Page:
The specialty-coffee market disconnect from the futures market has led to the creation of new benchmarks to determine how much a farmer should be paid. Peter Roberts, academic director of the Social Enterprise program at Emory University Goizueta Business School, developed an index that tracks 60 “blue chip” coffee brands in an attempt to bring transparency to growers and buyers working outside the futures market.

Agreements between farmers and roasters are often based on an email or a handshake. Other growers and buyers are using benchmarks based on taste and quality to begin negotiations.

To be sure, coffee-market watchers say they don’t see exchange-traded coffee going away. The number of outstanding contracts in the coffee-futures market is up 56% since 2006 as more coffee is consumed in the world.

While big brands such as Dunkin’ Donuts have recently begun testing coffees from more select origins such as Guatemala and Colombia, futures prices remain essential in order to execute the kind of large-scale purchases, and hedging, necessary to cover their needs.

Chris Fuqua, vice president of marketing and global consumer insight for Dunkin’ Donuts, said the large company doesn’t see a place for small-batch coffees that differ in availability from franchisee to franchisee.

Still, more and more premium grades are trading at prices that don’t change based on what is happening on the exchanges, says Carlos Mera, senior commodity analyst at Rabobank Group in London.

At the same time, long-term price agreements are becoming more common, said Stephen Vick, coffee buyer at Blue Bottle Coffee in Oakland, Calif.

“Every origin is completely different. The needs of that origin are different,” Mr. Vick said. “A lot of times, it’s a matter of finding the farms first and figuring out the supply chain later.”

 

New Study Maps Dramatic Projected Decreases in ‘Suitable’ Coffee Land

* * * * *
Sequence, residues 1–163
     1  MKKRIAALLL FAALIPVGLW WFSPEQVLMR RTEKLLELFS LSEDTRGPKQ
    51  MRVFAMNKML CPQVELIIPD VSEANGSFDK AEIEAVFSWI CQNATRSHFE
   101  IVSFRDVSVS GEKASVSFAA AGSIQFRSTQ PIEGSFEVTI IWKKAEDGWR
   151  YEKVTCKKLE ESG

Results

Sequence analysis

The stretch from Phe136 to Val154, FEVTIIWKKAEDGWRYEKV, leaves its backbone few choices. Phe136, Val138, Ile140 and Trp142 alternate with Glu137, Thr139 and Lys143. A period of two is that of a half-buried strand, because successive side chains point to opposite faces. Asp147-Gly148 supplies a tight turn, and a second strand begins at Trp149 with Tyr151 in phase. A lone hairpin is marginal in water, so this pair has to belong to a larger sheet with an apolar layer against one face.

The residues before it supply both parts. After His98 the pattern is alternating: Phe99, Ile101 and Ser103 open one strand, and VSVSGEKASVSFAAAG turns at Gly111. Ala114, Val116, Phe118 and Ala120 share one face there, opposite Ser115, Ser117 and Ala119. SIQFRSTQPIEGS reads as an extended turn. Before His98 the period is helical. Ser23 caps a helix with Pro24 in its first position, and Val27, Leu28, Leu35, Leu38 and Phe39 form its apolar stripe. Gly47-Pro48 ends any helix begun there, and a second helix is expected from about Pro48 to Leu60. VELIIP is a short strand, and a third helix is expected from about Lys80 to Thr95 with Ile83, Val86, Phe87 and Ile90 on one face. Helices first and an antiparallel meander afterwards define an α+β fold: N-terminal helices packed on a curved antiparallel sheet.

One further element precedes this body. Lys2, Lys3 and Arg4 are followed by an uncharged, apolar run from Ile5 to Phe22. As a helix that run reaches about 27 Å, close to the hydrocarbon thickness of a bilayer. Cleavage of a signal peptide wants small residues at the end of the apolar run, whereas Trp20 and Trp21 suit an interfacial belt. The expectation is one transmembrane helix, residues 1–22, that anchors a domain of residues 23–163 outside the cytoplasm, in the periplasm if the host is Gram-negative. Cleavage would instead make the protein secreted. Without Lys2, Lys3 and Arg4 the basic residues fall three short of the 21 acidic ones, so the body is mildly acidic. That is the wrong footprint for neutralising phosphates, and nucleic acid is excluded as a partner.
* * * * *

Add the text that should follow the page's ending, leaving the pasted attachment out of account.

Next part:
A new study commissioned by World Coffee Research, a non-profit research and development program that studies coffee, reaffirms previous work suggesting that there will be a 50 percent reduction in global land area suitable for Arabica production by 2050, while providing a more detailed picture of how climate change will affect specific growing regions.

The study, released this afternoon in the peer-reviewed, open-access journal Plos One, shines new light on what the term “suitability” actually means in reference to future Arabica production, with the goal of helping the global coffee community at large understand how and where producers may be able to adapt to climate change.

“Overall, the Arabica market is extremely threatened,” says Christian Bunn, the study’s lead author, a researcher for the Colombia-based International Center for Tropical Agriculture (CIAT). “There is rising demand. In the future, we’d need more area to grow coffee on, but we’re going to have less.”

Said WCR:

Coffee is currently grown in many different climate zones in the equatorial belt — from hot and dry, to cooler and wetter — but previous studies of coffee and climate change only distinguished between areas that are or will be “suitable” or “unsuitable” for coffee growing. This limited their practical usefulness for adapting coffee to climate change.